The view will improve in the evenings ahead as the distance between Jupiter and Venus decreases. At closest approach on Aug 27th, the two worlds will appear only about 1/15th of a degree apart. If you hold a pencil at arm's length, the eraser would cover both planets at once. Moreover, Venus and Jupiter will easily fit within a telescopic field of view--an amazing sight if you have a backyard telescope.
Remember, though, that a telescope is not required. Venus and Jupiter are bright enough to see with the naked eye even from light-polluted urban areas. Try to catch them about 30 minutes after sunset before the sky fades completely black. The sight of two planets in conjunction surrounded by twilight blue is extra-beautiful.
Realtime Space Weather Photo Gallery
Realtime Aurora Photo Gallery
Realtime Noctilucent Cloud Photo Gallery
Realtime Sprite Photo Gallery
Every night, a network of NASA all-sky cameras
scans the skies above the United States for meteoritic fireballs. Automated software maintained by NASA's Meteoroid Environment Office calculates their orbits, velocity, penetration depth in Earth's atmosphere and many other characteristics. Daily results are presented here on Spaceweather.com.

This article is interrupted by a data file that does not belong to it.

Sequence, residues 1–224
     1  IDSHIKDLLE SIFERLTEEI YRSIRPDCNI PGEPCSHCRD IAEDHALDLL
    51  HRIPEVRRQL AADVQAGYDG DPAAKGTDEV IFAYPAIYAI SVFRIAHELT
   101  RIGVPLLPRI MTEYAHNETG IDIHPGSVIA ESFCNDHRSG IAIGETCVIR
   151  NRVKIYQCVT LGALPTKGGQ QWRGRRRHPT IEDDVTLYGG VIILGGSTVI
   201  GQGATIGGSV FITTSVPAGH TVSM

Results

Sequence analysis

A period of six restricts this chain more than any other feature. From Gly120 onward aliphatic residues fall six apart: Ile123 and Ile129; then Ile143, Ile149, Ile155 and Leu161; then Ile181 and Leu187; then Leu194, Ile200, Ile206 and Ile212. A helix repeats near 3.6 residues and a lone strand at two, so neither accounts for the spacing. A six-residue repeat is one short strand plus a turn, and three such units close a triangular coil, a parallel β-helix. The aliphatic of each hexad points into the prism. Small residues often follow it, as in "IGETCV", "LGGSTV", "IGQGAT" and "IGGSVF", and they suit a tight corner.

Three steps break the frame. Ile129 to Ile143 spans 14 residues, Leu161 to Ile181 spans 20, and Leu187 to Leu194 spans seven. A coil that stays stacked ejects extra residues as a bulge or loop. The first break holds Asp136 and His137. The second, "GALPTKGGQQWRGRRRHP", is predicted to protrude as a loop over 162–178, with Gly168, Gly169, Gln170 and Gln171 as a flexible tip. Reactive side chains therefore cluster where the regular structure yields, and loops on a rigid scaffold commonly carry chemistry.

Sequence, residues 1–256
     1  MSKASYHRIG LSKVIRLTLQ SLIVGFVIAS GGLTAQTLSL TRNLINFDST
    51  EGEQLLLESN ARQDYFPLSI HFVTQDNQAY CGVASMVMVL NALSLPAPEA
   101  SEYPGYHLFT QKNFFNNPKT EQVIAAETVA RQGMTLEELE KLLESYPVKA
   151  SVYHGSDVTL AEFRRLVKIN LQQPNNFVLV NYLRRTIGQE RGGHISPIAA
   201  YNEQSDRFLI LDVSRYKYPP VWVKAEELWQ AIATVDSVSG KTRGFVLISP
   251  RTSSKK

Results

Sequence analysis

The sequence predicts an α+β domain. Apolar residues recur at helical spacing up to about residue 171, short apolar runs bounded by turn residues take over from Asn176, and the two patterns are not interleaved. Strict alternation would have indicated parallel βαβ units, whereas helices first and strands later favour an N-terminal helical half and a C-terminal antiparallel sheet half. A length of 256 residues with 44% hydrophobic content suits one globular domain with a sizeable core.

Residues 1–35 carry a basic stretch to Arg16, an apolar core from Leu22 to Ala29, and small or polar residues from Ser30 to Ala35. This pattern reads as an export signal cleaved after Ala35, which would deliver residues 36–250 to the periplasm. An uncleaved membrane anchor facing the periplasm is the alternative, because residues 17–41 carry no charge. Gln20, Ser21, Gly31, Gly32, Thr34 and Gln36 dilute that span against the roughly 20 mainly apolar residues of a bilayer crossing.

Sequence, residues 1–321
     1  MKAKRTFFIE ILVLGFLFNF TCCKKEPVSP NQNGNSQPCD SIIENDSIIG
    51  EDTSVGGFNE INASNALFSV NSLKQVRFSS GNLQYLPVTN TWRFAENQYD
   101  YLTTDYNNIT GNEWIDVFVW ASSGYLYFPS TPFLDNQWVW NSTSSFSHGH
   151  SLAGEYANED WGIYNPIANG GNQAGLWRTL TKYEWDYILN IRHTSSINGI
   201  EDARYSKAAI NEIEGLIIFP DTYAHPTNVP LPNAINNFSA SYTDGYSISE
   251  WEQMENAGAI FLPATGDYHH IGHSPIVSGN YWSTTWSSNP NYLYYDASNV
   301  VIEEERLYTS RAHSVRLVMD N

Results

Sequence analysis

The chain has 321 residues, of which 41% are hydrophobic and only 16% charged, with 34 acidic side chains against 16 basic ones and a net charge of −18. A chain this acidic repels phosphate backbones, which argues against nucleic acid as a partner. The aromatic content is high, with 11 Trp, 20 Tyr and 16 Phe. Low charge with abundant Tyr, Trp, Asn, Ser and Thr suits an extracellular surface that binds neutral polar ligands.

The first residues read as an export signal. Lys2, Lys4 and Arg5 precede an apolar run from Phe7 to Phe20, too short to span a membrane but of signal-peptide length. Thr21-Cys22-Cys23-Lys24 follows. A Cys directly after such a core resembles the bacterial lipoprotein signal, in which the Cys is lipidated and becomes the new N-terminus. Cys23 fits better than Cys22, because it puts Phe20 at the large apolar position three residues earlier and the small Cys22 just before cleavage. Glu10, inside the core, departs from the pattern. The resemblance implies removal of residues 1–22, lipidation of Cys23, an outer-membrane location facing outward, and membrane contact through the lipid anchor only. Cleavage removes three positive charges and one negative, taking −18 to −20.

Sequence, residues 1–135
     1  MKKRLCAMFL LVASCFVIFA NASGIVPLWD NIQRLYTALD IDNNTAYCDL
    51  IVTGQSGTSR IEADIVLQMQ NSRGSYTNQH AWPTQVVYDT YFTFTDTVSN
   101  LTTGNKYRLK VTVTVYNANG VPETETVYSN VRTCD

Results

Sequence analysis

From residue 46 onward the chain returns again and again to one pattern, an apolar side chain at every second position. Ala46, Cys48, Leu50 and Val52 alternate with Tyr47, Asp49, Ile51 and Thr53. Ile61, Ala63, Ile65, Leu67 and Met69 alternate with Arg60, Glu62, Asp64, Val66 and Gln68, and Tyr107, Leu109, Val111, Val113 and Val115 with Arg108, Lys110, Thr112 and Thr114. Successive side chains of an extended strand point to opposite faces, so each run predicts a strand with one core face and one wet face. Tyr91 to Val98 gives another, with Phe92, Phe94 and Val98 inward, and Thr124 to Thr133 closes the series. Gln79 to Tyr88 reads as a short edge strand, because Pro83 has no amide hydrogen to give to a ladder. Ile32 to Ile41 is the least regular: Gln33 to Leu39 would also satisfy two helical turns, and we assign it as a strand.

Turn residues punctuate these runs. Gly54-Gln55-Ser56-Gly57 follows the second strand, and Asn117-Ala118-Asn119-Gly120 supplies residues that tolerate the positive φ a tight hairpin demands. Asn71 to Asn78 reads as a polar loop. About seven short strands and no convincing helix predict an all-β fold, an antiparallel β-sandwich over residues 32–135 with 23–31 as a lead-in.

On Aug. 20, 2016, the network reported 18 fireballs.
(17 sporadics, 1 kappa Cygnid)
In this diagram of the inner solar system, all of the fireball orbits intersect at a single point--Earth. The orbits are color-coded by velocity, from slow (red) to fast (blue). [Larger image] [movies]
Potentially Hazardous Asteroids (PHAs
) are space rocks larger than approximately 100m that can come closer to Earth than 0.05 AU. None of the known PHAs is on a collision course with our planet, although astronomers are finding new ones
all the time.
On August 20, 2016 there were potentially hazardous asteroids. Notes: LD means "Lunar Distance." 1 LD = 384,401 km, the distance between Earth and the Moon. 1 LD also equals 0.00256 AU. MAG is the visual magnitude of the asteroid on the date of closest approach.
| ||Cosmic Rays in the Atmosphere |
These measurements are based on regular space weather balloon flights: learn more.
|Situation Report -- Oct. 30, 2015 ||Stratospheric Radiation (+37o N) |